Equine Intelligence: Partnering Humans and Horses

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The graceful ballet of horse and rider is a visual representation of the deep relationship that develops between two unique individuals over time. In truth, what an observer notices in this seamless unit barely scratches the surface of the depth of connection between humans and horses.

How is this bond developed between a human and horse? Donna West of Developing Partnerships in Calera, Alabama, says, “Leadership is the key to creating trust and a long-lasting bond with your horse. The handler’s assertiveness mimics the relationships among the alpha horse and other horses in the herd and reminds your horse that you’re the one in control, what I call a ‘kind alpha horse.’ It’s the equivalent of the relationship between parent and child; if you maintain that leadership, you’ll develop a life-long bond with the horse.”

Donna, who’s handled and trained horses most of her life, is a practitioner and trainer of “natural horsemanship,” a method described in Nicholas Evans’ The Horse Whisperer. “The theory is that you study and work with herd behavior and equine body language, using it to get the attention of the horse and the response that you want. Your goal is to counter the horse’s fight-or-flight instinct and to work with him to think rather than to react.”

The blend of human leadership and equine instincts is profoundly demonstrated in the field of equine-assisted therapy. Michelle Holling-Brooks, founder and director of Unbridled Change in Boone’s Mill, Virginia, has been in the field of equine-assisted activities and therapies for more than 15 years. She’s certified by the Professional Association of Therapeutic Horsemanship and the Equine Assisted Growth and Learning Association, leaders in using equine therapy to change the lives of persons struggling with obstacles in their lives. “As a life-long horse person, I know how powerful the bond between a human and a horse can be,” Michelle affirms. “The horse is not only a recreational or sport partner, but a participant in personal and emotional healing as well. For me personally, a horse literally gave me back the ability to walk.”

At 13, Michelle developed encephalitis and meningitis from a mosquito bite and spent three months in the hospital, two of those in a coma. “When I woke up I had no use of my legs, was deaf in both ears and so sensitive to light I was basically blind. I had no memory of my life prior to waking,” Michelle describes. Her parents took her to the barn in hopes of stimulating her to interact and remember. “I clearly remember being wheeled down the aisle; most of the horses put their heads out of their stalls. I remembered my horse, Schedule A, something I shouldn’t have. He reached his head over me and we sat that way for what seemed like forever. The one bond in the world I remembered was not a person, parent or sibling–it was a horse.”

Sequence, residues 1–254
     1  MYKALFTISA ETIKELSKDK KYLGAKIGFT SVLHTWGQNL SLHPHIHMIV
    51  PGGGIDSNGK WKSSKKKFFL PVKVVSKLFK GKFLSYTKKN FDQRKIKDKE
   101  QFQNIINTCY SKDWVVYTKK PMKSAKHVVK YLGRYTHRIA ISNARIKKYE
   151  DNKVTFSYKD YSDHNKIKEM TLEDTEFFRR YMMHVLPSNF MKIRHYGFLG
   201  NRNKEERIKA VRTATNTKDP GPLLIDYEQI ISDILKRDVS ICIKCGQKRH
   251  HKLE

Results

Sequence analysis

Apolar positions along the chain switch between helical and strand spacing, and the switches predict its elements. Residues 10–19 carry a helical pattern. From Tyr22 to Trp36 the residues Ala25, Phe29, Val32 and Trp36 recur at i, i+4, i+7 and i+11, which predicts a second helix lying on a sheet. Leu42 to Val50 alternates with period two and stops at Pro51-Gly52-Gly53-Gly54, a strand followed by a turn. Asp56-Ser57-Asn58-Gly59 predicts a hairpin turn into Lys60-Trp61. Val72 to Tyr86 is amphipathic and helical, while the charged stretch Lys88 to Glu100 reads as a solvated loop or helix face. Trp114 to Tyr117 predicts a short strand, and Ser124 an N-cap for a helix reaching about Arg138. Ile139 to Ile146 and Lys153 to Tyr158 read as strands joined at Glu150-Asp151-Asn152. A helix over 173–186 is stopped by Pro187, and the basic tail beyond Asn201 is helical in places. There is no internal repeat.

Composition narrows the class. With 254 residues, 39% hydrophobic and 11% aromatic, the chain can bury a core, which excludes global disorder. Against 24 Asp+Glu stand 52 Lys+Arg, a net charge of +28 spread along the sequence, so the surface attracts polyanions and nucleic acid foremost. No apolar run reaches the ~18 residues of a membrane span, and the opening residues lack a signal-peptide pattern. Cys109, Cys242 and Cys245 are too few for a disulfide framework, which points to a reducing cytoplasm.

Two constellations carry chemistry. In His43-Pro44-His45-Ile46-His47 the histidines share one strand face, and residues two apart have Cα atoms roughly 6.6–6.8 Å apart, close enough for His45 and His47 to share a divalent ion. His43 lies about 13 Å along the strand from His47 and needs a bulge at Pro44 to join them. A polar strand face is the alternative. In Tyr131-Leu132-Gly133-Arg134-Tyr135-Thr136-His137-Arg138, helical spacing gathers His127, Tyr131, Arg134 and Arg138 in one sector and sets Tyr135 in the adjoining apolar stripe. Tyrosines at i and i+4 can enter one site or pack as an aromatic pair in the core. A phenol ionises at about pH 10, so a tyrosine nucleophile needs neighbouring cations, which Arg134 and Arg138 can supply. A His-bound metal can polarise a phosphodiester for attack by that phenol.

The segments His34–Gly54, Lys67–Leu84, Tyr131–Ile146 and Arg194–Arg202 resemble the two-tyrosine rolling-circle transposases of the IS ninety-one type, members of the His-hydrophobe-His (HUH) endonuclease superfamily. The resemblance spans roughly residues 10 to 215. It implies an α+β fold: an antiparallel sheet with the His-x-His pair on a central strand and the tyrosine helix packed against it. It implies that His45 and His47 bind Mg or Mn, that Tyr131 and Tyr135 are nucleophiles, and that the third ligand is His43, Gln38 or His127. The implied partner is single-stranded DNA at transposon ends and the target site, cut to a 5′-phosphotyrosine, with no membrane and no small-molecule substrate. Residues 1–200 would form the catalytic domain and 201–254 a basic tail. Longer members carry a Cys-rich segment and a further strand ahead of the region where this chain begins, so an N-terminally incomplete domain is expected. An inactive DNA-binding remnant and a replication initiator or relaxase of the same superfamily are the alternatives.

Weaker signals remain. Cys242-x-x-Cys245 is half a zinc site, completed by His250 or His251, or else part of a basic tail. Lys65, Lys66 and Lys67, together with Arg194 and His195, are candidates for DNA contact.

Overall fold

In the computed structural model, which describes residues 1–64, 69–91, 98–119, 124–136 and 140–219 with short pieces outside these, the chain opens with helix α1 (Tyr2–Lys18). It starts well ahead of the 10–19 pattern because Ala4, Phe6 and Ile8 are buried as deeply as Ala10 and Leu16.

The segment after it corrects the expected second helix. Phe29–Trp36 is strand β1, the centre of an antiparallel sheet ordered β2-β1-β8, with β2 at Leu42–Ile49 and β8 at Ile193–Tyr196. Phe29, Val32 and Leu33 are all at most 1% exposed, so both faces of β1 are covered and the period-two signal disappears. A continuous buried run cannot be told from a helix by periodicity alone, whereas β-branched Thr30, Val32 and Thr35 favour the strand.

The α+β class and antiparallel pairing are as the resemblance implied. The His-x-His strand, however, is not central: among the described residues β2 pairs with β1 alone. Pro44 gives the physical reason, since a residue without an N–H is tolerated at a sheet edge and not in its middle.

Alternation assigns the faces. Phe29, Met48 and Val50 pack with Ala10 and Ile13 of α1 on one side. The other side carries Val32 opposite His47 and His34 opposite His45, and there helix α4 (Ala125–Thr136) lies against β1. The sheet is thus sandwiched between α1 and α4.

From riding three or four times a week, Michelle’s brain began to heal damaged pathways and she learned to walk again. “But more than giving me back my legs, horses gave me a safe place to rediscover who I was, to gain confidence without fear of judgment, which I got from the human world. I found I had a special connection to work with horses. As a trainer, I had the reputation for being able to reach horses that have been hurt deeply.”

It was a natural progression for Michelle to partner people with horses to help create the opportunity for healing. “The horse wants to follow our leadership and grow a bond with us because they’re herd animals. In the wild they remain in family units and rely on that unit to remain safe and have their needs met,” she asserts. “In order to tap into that desire, we humans have to show up as the leader, with trustworthiness, assertiveness and belief in our leadership. Without that, the horse will not believe in the bond nor partner in return.”

During therapy sessions using EAGALA methods, the horse interacts with the human client free from tack or restraints, building an environment of soft leadership skills rather than aggressive power and control. “The horse can say ‘yes,’ ignore the client, or say ‘no’ by walking or running away,” Michelle says. “The client must become aware of their body language, their needs and wants. If they get a ‘no,’ they must consider what is blocking their personal power, and often it’s what’s blocking them in the real world. The horse is an amazing teacher! The client can practice holding positive boundaries and an open heart because the horse is not judging them for what they look like or what their past might have been.
“Most of our horses are rescues. It’s amazing to watch how the horses pick the clients they want to work with,” Michelle concludes. “They’re almost always mirrors of each other’s pasts. They both have the opportunity to build a new relationship and learn healthy skills for dealing with problems.” HLM

Sources: eagala.org, horsechannel.com, unbridledchange.org and wayofthehorse.org.